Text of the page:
Sarah doesn’t care whether you origami-fold your knickers or if you find joy in that vase. Marie Kondo she ain’t. And she hates hoarder-shaming TV. But bloody hell can she turn your life around. The way she sees it, if your stuff is out of control, you can’t move forward with life. Anything. An exploding inbox. Bulging attic. Piles of paperwork. Years of unsorted photos. A laptop of disorganised images. Drawers of unopened bank statements. While she’s sorting, she’s talking, counselling, supporting you because she knows there are usually reasons why we let things get out of control, whether it’s relationship issues (she specialises in helping clients through divorce, from legal forms to dividing possessions) or self-esteem or just bad habit. Sarah is a refreshing, Aussie whirlwind, bursting with energy, laughter and a fair bit of realism too. She has a counselling background and is unjudging but very practical and she’ll sort your whole life out in hours. Just take a look at your fruit bowl. What really gets Sarah’s alarm bells ringing is paperwork in it. Actually anything in the fruit bowl. That isn’t fruit. “When I see that in a house I know the person isn’t coping,” she says pointedly. You’ve been warned.


A dentist, a hungry cat, Middle Eastern royals… they all feature in Ali’s story which transformed him from bored telecoms exec to starry life coach. A moan while in the dentist’s chair led to him trying out a hypnotherapy course. He was so good he gave up the day job. Soon he was filming in the US. His website is all celebs glitz and glamour, but he still sees the likes of you and me, split between Glasgow and London (when he’s not abroad, did we mention four members of Middle Eastern Royal Families are clients). Most of his work is now via Skype. One Midult Scot is evangelical: “Inspiring, down to earth, genius,” she says. “The problem,” says Ali, “is that we know what we should do but we get stuck. One of the things humans are most scared of is disappointment. So we think ‘maybe I’ll just retreat back to what I know’. I unlock all of that.” He can’t make you what you’re not but he can help make you the best version of yourself.


Jacqueline is fascinated by mindset and how you can turn your life around. Because she’s done it. Big time. “I went from addiction to anorexia to alcoholism. I lived in a squat. I did it all. Then when I was 25 I turned my life around. So I KNOW how dramatically your life can change and what you can achieve if you have the right mindset. Within reason. If you want to be a supermodel and you’re 4ft 3…” she trails off. She’s good on food and body image issues and sees a lot of anxiety and perfectionism. “We have amazingly high expectations of ourselves,” she says. “We’ve been taught we can have a wonderful career, be an amazing mum, a great lover. I help people work through all of that.” These people range from billionaires to the girl around the corner who works in accounts. Jacqueline is approachable and firm but fun. “We all want instant gratification. Yesterday. But if people want it instantly without putting the work in then that’s not the client I want to work with.” Most of the time she’s based in her office in Mayfair but she has clients around the world in LA, Miami, Dubai, Monaco and talks to them via Skype. “My aim,” she says, “is to take you into emotional adulthood.” We’re in.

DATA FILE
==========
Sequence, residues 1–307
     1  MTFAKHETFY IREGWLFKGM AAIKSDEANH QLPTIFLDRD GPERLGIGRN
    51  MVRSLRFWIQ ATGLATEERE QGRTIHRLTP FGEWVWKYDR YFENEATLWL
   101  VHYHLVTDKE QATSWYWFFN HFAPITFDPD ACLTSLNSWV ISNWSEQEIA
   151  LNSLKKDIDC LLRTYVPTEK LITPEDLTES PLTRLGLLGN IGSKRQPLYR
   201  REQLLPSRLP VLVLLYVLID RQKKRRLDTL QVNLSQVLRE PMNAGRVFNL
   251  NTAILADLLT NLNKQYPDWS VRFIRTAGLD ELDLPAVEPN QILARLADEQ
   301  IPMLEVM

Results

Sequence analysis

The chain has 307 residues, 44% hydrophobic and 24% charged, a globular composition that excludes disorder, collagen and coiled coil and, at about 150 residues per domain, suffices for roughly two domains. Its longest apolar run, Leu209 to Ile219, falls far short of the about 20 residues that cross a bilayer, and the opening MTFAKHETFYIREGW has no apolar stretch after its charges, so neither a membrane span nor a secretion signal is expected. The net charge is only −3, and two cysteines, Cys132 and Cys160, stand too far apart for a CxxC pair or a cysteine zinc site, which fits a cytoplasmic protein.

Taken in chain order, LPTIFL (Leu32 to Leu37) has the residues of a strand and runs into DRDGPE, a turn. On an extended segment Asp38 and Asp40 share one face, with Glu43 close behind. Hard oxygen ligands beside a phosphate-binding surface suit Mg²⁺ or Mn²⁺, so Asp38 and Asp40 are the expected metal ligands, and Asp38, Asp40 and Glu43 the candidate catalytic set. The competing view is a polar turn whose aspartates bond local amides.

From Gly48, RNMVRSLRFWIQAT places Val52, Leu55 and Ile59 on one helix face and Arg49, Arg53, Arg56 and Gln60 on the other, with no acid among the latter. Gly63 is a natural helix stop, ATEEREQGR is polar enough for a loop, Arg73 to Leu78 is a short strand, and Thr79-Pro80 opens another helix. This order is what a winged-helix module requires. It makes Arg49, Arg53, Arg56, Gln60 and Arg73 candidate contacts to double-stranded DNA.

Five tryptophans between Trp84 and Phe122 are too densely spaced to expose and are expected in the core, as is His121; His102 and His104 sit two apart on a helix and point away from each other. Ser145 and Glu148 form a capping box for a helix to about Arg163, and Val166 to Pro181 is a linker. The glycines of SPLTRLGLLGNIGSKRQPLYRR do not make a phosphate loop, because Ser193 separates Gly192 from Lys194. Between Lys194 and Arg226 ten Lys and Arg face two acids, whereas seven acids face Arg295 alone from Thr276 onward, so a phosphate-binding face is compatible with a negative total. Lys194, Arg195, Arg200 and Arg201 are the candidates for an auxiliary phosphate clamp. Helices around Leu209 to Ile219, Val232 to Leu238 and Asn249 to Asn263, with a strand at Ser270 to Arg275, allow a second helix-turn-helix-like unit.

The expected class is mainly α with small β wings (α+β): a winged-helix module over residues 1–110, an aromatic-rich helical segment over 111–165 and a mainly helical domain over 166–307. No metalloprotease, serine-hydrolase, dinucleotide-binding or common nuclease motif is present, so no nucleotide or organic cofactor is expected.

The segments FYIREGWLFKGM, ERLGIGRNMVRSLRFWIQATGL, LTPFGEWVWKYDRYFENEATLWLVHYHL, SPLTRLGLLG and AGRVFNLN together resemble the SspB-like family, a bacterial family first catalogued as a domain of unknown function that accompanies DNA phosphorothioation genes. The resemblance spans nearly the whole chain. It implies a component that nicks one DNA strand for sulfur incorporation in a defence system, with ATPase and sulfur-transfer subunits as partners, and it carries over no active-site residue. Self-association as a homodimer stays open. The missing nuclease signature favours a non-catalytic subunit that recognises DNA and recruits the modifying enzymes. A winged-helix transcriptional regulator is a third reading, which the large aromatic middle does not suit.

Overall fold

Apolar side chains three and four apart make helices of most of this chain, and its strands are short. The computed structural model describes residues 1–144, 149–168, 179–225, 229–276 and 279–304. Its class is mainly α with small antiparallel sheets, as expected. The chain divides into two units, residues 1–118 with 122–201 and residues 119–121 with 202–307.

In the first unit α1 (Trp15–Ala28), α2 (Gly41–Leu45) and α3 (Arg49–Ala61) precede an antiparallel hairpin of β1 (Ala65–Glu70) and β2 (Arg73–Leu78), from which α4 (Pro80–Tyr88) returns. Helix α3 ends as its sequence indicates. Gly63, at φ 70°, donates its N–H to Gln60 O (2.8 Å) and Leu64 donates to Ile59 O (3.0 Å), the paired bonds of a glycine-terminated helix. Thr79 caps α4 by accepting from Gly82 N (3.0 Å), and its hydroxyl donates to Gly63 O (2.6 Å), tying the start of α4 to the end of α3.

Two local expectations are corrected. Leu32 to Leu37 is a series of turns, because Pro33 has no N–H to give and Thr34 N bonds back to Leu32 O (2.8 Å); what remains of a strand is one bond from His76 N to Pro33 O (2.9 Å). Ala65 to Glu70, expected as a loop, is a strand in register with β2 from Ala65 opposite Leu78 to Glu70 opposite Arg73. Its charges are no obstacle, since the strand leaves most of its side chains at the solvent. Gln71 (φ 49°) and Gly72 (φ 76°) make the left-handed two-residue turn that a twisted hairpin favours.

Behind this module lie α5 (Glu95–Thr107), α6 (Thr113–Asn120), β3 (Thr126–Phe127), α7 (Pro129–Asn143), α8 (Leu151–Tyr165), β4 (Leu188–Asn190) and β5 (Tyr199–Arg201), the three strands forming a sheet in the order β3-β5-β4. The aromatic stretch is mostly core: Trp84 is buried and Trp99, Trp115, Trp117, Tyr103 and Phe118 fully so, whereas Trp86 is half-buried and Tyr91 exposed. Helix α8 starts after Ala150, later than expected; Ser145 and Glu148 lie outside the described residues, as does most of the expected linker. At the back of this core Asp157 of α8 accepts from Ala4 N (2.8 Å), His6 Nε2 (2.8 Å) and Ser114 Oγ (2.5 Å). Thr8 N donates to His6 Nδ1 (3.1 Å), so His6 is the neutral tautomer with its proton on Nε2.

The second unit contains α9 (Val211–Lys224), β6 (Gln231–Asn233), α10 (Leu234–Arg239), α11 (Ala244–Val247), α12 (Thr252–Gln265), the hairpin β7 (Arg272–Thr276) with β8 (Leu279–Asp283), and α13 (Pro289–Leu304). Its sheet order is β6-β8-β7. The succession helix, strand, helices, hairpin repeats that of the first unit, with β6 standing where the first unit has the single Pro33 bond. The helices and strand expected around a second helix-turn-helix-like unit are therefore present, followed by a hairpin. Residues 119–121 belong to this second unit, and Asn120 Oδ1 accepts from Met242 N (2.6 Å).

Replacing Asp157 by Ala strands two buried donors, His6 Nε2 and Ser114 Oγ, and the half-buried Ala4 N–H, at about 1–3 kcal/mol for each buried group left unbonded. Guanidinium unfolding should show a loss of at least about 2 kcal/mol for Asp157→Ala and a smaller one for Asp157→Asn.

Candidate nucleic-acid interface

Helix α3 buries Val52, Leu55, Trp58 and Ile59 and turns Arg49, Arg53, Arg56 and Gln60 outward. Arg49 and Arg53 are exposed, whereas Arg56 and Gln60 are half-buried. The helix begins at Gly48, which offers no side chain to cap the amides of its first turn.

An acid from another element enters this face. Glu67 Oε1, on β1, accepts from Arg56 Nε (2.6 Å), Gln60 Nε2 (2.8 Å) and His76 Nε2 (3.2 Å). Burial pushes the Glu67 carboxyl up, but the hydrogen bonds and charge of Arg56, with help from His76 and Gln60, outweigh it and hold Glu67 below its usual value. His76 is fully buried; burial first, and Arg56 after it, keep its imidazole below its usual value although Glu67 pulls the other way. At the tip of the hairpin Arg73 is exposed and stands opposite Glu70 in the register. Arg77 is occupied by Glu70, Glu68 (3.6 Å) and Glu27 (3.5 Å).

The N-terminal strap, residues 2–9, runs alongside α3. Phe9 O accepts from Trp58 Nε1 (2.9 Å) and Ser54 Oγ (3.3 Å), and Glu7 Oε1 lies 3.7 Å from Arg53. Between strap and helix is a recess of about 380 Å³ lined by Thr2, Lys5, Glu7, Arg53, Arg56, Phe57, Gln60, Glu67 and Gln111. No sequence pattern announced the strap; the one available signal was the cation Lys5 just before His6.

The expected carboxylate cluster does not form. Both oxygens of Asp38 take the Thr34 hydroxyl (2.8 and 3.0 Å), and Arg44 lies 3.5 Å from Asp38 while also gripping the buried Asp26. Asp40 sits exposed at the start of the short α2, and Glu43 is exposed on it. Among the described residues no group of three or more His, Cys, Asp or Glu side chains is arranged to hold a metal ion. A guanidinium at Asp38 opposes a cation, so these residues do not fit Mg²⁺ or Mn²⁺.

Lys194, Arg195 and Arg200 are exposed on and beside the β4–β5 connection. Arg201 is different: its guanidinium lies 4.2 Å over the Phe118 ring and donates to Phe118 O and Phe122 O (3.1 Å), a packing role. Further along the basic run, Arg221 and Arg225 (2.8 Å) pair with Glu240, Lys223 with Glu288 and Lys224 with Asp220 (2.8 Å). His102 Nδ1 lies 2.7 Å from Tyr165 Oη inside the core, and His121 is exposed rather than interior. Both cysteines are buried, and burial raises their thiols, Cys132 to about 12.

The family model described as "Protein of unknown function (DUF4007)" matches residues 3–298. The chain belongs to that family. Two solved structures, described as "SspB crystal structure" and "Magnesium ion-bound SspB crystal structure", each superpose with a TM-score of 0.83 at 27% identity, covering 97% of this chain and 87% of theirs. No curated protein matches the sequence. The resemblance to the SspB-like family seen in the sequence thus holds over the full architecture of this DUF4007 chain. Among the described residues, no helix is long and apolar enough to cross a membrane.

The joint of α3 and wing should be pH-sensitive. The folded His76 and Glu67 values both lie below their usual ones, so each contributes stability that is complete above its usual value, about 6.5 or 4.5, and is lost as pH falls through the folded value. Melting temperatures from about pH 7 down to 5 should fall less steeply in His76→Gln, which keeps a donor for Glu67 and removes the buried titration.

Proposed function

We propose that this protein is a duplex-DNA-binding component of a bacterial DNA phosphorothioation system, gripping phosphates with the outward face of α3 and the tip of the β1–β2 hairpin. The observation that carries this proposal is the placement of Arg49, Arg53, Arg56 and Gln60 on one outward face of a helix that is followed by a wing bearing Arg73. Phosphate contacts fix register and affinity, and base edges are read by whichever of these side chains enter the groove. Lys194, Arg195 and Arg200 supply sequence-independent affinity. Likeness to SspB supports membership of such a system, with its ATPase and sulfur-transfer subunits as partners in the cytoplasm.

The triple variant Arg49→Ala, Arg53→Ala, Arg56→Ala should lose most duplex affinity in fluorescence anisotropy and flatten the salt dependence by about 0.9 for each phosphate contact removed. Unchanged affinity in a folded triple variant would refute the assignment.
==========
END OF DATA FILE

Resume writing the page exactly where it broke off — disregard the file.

She’s been doing this for over 30 years and she really is a bit of a guru on everything from bereavement to boardroom banter to Brexit worries. She’s known as ‘the problem solver’ and ‘the firefighter’ and she really has seen it all. HR departments of big companies will often ship Carole in when they need help but she also gets a lot of people coming to her independently. She has a solid background in counselling, is an experienced coach and a more than capable businesswoman. This last one is her trump card when it comes to coaching corporates, who often feel the softly-spoken therapist they saw just didn’t ‘get’ their world and the specific pressures involved. Carole runs a string of businesses and so gets it. “I get that it’s lonely at the top. I understand their stress. I know how a fear of public speaking can be a massive problem. So I’m good at helping people to deal with those things.” One Midult Man (not known to embrace any form of self-development) remembered Carole’s impressive repertoire from when they crossed paths in Dubai many moons ago. If ever you have a real corporate nightmare she’s the one to go to, she’ll sort you out.


Off-piste? Maybe. Mawkish and melodramatic? Sometimes. But next time you’re busy procrastinating, waste some time on the Ted site and you’ll find some gems. You won’t get a stitch of work done all day once you start. You can search under themes, from confidence tricks to career advice, or roam freely. Try Amy Cuddy on How your body language shapes who you are (and how you can turn it around) or Kathryn Schulz On being wrong which looks at how our fear of failure holds us back. Then there’s All it takes is 10 mindful minutes, where Andy Puddicombe tackles our cult of busy busy busy. Or the funny, charming and life-affirming talk by the lovely Susan Cain (dead-ringer for Phoebe from Friends it’s freaky) on The power of introverts.

By Alexandra Borthwick